This letter was written by U.S. Congressman Rice Garland (1799-1863). Garland studied law and became an attorney, first in Leaksville, North Carolina, and then in Opelousas, Louisiana. In 1834 he was elected to the US House of Representatives as an Anti-Jacksonian to fill the vacancy caused by Henry A. Bullard’s resignation. He was reelected twice as a Whig and served from April, 1834 to July 21, 1840, when he resigned.
In April, 1840, Garland spoke against the Van Buren administration’s proposal to create a standing Army, and was attacked on the House floor by Congressman Jesse A. Bynum of North Carolina.
Garland left Congress to accept appointment to the Louisiana Supreme Court, where he served until 1846, when he was accused of financial misconduct, twice attempted suicide by drowning himself in the Mississippi River, resigned from the bench, and moved to Matamoros, Mexico. He later moved to Brownsville, Texas, where he practiced law until his death. Garland served as Cameron County Judge from 1853 to 1854 and won election to a full term in 1854, but declined to serve.
Garland wrote the letter to Barthelmy Laubry Pellerin (1762-1845), the son of Jean Louis Gerard Pellerin (1729-1804) and Marie Marthe Hubert de Bellaire (1739-1815). The subject of the letter pertains to land title claims in land purchased from the French and Spanish governments.
Addressed to Mons. Loubry Pellerin, St. Martinsville, La.
December 22nd 1837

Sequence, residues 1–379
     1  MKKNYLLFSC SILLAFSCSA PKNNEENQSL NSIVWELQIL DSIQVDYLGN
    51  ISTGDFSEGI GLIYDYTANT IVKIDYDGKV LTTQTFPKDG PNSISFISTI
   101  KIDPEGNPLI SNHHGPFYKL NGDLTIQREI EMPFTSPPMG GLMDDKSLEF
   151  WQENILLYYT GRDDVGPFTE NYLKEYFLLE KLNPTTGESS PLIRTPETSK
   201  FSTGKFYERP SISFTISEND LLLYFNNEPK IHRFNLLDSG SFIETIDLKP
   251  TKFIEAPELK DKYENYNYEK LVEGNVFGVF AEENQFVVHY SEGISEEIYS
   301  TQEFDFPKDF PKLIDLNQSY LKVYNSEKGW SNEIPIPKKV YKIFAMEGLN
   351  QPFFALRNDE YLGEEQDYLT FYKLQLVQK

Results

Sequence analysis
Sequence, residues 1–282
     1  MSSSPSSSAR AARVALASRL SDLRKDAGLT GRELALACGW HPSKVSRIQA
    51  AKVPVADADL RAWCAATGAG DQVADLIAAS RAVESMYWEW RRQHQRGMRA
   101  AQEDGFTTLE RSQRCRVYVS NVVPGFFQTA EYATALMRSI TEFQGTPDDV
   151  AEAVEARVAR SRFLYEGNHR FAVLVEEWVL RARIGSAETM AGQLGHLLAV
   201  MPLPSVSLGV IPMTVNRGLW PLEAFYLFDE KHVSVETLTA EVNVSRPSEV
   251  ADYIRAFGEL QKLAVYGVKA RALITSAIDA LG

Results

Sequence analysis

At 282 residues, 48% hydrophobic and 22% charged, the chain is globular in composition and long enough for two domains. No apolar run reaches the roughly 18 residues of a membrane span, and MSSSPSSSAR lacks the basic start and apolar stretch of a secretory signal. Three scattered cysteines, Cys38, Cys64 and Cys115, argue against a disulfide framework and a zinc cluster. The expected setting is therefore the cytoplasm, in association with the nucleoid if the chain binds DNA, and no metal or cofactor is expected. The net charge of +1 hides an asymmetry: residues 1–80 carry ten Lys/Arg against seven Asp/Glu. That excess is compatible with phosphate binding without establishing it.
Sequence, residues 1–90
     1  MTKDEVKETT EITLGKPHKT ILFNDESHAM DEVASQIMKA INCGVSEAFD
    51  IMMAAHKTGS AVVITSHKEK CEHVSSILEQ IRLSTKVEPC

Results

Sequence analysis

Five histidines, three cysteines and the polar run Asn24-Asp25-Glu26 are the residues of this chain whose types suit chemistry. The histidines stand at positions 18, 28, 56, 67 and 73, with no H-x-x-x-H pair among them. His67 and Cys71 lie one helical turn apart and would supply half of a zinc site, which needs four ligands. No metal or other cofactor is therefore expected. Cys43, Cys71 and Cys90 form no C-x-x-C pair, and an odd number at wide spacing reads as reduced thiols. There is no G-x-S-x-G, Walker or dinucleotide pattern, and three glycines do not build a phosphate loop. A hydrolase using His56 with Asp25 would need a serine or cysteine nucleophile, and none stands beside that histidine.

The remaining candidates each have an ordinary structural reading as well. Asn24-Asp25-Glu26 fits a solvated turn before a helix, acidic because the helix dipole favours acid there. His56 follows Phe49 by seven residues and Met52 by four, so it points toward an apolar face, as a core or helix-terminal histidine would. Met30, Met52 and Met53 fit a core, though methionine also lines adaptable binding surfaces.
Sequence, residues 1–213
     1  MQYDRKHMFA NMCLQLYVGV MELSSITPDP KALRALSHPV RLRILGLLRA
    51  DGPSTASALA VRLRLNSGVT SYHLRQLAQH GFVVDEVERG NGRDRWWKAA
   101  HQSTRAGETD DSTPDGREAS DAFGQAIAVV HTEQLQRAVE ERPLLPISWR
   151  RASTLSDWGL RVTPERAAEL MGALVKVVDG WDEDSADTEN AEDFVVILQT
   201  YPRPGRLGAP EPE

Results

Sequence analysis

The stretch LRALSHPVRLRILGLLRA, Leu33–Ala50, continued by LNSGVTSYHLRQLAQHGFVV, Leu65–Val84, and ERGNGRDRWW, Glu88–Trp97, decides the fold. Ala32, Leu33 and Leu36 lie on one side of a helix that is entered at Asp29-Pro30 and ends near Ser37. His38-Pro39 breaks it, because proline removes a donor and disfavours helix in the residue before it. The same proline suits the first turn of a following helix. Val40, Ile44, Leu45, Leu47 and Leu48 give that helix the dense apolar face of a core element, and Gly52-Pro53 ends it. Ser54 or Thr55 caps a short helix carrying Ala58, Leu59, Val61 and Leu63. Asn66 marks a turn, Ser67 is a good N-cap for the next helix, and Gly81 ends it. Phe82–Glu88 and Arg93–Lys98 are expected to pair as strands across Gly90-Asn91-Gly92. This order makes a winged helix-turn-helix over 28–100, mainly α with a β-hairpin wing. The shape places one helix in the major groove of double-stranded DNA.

Your letter of the 19th inst. I have received this evening. I am obliged to be somewhat short in reply as I am preparing to leave the day after tomorrow for Washington City.
After the bill of the 6th of February 1835 re-opening the Land Offices in Louisiana for the reception and proof of claims to land was passed into a law, all the claims then pending before Congress in relation to land titles derived from the French and Spanish Governments were sent back for examination by the Registers and Receivers. Your claim was with many others returned and is now in the Land Office here awaiting the examination and report of the officers of the government. Their report has not yet been made and it is impossible for me to say when it will be. I had hoped it would have been long since completed. As soon as a report is made, I shall use every effort in my power to have it acted on by Congress as early as practicable.
As I am on the point of leaving here, I cannot render you any service in the business. You will no doubt be able to find an agent who will represent your interests as efficiently as I can.
Very respectfully, your obedient servant, — R. Garland